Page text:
BRIEF DESCRIPTION OF THE DRAWINGS

The nature, advantages and various additional features of the invention will appear more fully upon consideration of the illustrative embodiments now to be described in detail in connection with the accompanying drawings. In the drawings:

FIG. 1 is a schematic illustration of the cold rolling of a multilayer stack.

FIG. 2 is a schematic illustration of the mechanical formation processes (a) process comprising rolling, cutting and stacking steps, and (b) process comprising rolling and stacking steps.

FIG. 3 is a SEM micrograph of an exemplary Pd/Al multilayer stack after 50% reduction (1 pass). The darker layers are Aluminum, the lighter layers are Palladium.

FIG. 4 is a SEM micrograph of an exemplary Ni/Al multilayer reactive foil after 33 passes. The lighter layers are nickel, the darker layers aluminum.

FIG. 5 schematically illustrates a metal foil/powder assembly prior to rolling.

FIG. 6 is a schematic illustration of an oxidized Cu foil prior to rolling.

FIG. 7 is an SEM micrograph of an exemplary Al/CuOx multilayer after 75% reduction. Prior to rolling, the initial assembly is as illustrated in FIG. 5.

FIG. 8 is an SEM micrograph of an exemplary Al/CuOx multilayer after 8 passes.

FIG. 9 plots measured bilayer frequency versus measured bilayer thickness for Pd/Al foils after 4, 6 and 8 passes.

FIG. 10 graphs measured bilayer frequency versus measured bilayer thickness for Pd/Al foils after 12, 16, 18 and 20 passes.

FIG. 11 plots measured mean bilayer thickness versus number of passes for Pd/Al foil. Diamonds for numerical mean, squares for weighted mean.

FIG. 12 is an optical photograph of washer-shaped components punched from cold rolled reactive Ni/Al foil.

FIG. 13 plots measured reaction energy versus number of passes for as-rolled (diamonds) and annealed (squares and triangles) Pd/Al foils. The foils were annealed in nitrogen for 24 or 48 hours at 125° C. as indicated.

FIG. 14 graphs measured reaction energy versus weighted mean bilayer thickness for as-rolled (diamonds) and annealed (squares and triangles) Pd/Al foils. The foils were annealed in nitrogen for 24 or 48 hours at 125° C. as indicated.

FIG. 15 shows peak temperature shift as a function of heating rate in cold rolled Pd/Al samples: n=12.36 and 550 nm weighted mean bilayer thickness. Graph of [natural log(heating rate/peak temperature2)] vs. [1/(Peak temperature*kb)]. Slope of the linear fit lines is the activation energy of the individual reactions. The overall activation energy reported is the flattest slope.

FIG. 16 plots measured reaction velocity versus number of passes for as-rolled (diamonds) and annealed (squares and triangles) Pd/Al foils.

FIG. 17 graphs measured reaction velocity versus mean bilayer thickness for as-rolled (diamonds and squares) and annealed (triangles and crosses) Pd/Al foils.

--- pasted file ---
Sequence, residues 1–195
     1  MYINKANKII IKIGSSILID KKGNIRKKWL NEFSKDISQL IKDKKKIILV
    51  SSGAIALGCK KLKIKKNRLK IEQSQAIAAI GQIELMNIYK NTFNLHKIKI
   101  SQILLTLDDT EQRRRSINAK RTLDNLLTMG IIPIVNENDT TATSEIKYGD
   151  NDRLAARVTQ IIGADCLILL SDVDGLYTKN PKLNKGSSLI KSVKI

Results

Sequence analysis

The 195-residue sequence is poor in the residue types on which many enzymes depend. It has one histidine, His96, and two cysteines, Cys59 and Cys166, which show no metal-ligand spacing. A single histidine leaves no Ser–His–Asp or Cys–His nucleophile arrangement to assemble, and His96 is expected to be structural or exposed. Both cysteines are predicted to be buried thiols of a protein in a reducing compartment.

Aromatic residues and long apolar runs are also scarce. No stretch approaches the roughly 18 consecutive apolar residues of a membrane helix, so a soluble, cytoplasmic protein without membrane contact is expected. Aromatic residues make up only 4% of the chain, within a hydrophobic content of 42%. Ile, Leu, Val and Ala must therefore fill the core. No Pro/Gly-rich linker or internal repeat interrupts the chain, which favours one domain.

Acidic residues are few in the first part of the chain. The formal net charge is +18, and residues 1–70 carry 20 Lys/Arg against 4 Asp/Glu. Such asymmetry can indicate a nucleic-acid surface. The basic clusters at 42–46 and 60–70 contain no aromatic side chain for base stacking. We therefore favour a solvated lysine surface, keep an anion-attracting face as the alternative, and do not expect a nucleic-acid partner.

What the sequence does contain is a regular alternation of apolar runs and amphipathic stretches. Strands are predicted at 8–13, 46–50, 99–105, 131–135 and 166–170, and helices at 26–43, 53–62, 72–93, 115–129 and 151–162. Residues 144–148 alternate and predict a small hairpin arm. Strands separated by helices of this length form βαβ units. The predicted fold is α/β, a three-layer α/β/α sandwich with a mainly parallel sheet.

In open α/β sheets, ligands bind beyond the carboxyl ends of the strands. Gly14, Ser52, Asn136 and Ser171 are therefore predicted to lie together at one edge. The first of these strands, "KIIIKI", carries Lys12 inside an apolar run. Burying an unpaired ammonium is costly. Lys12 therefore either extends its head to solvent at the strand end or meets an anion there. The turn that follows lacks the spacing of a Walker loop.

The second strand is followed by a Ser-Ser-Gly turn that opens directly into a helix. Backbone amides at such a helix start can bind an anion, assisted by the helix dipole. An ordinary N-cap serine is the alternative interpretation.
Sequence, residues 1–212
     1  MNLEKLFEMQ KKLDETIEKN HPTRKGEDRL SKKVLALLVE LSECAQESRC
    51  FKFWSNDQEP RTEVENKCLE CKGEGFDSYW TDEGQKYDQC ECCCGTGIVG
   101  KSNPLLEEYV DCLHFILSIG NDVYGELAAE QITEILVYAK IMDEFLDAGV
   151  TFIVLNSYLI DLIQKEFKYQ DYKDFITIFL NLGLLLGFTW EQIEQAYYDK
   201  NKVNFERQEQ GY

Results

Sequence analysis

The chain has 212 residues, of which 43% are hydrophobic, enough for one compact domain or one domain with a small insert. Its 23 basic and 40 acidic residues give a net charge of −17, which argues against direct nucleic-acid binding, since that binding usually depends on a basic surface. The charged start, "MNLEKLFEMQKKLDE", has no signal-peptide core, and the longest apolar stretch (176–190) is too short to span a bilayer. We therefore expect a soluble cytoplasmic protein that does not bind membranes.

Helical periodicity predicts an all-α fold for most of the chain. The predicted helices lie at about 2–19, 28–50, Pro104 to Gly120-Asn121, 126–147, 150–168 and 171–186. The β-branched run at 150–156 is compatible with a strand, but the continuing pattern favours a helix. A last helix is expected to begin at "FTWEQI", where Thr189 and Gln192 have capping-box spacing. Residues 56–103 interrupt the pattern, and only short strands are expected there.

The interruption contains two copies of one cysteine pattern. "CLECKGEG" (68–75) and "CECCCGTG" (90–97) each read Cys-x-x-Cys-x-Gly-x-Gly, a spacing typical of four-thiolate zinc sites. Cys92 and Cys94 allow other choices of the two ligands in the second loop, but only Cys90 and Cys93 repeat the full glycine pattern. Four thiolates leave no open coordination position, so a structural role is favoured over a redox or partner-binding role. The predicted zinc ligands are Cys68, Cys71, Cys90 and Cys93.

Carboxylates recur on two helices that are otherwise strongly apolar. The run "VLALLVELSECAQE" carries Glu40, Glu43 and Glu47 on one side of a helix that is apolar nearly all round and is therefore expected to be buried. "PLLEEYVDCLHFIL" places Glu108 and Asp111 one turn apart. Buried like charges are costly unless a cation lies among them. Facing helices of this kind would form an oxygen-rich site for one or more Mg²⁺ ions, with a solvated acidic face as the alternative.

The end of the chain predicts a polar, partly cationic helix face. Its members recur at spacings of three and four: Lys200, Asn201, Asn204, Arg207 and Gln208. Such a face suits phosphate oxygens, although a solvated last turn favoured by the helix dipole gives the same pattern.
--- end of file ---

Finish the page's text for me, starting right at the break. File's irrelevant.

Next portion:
FIG. 18 illustrates probability density functions (PDFs) of the measured bilayer frequency versus measured bilayer thickness, for Pd/Al foils after 16 passes. Each PDF corresponds to a particular choice of number of bins.

FIG. 19 shows the dependence of the predicted average reaction front speed on (a) the number of bins used to model the PDF of the bilayer thickness and (b) the width of these bins, for Pd/Al foils after 8 and 16 passes.

FIG. 20 shows the dependence of the predicted average reaction front velocity on the atomic diffusivity pre-exponent of cold rolled Pd/Al foils. Predictions were obtained for foils after four passes. The measured reaction velocity is also shown for comparison (dashed line).

FIG. 21 illustrates the variation of the theoretical amount of intermixing in as-rolled foils with number of passes, computed using DSC measurements of the foil heat of reaction.

FIG. 22 illustrates the predicted evolution of the reaction front position in various regions across the foil. The curves show a) the position of the front in all the bilayers of an as-rolled Pd/Al foil after 8 passes (circles), and b) the simultaneous position of the front in the thinnest bilayers (full line, no symbol) and thickest bilayers (dashed line) of an as-rolled Pd/Al foil after 20 passes and after 24 hour anneal at 125° C. The front position in each layer is defined as the position of the maximal total power. The predictions were obtained using Model 1.

FIG. 23 shows the predicted evolution of the instantaneous reaction front speed in various regions across the foil. The curves show a) the front speed in all the bilayers of an as-rolled Pd/Al foil after 8 passes (circles), and b) the simultaneous front speed in the thinnest bilayers (full line, no symbol) and thickest bilayers (dashed line) of an as-rolled Pd/Al foil after 20 passes and after 24 hour anneal at 125° C. The instantaneous front speed in each layer is defined as the derivative of the position of the maximal total power versus time. The predictions were obtained using Model 1.

FIG. 24 shows the variation of the computed (dashed lines) and measured (full line) reaction velocity in as-rolled Pd/Al foils with number of passes. Predictions were obtained assuming that the amount of intermixing at the interface between two consecutive layers of reactant is the same for all interfaces (Model 1) and that the amount of intermixing between two layers of reactant is proportional to the thickness of these two layers (Model 2).

FIG. 25 illustrates the dependence of the computed (dashed lines) and measured (full line) reaction velocity in as-rolled Pd/Al foils on weighted bilayer thickness.

FIG. 26 shows the dependence of the reaction velocity in as-rolled Pd/Al foils on weighted bilayer thickness, obtained using the stochastic model (dashed lines) and the single mean-bilayer model (full line). Predictions of the former are obtained assuming that the amount of intermixing at the interface between two consecutive layers of reactant is uniform for all interfaces (Model 1) and by assuming that the ratio 2wii is constant for all the bilayers (Model 2).